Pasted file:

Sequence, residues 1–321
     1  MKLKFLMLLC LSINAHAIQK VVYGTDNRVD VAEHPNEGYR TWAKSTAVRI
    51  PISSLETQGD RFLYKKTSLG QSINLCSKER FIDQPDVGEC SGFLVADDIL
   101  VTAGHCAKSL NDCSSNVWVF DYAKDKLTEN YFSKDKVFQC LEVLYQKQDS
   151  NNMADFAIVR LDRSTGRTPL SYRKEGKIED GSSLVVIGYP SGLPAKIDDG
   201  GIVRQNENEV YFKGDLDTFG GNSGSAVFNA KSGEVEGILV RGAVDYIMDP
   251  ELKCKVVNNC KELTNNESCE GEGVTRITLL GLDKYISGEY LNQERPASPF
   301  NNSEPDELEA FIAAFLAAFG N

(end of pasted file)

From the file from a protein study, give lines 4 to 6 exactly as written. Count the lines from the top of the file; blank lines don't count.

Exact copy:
   101  VTAGHCAKSL NDCSSNVWVF DYAKDKLTEN YFSKDKVFQC LEVLYQKQDS
   151  NNMADFAIVR LDRSTGRTPL SYRKEGKIED GSSLVVIGYP SGLPAKIDDG
   201  GIVRQNENEV YFKGDLDTFG GNSGSAVFNA KSGEVEGILV RGAVDYIMDP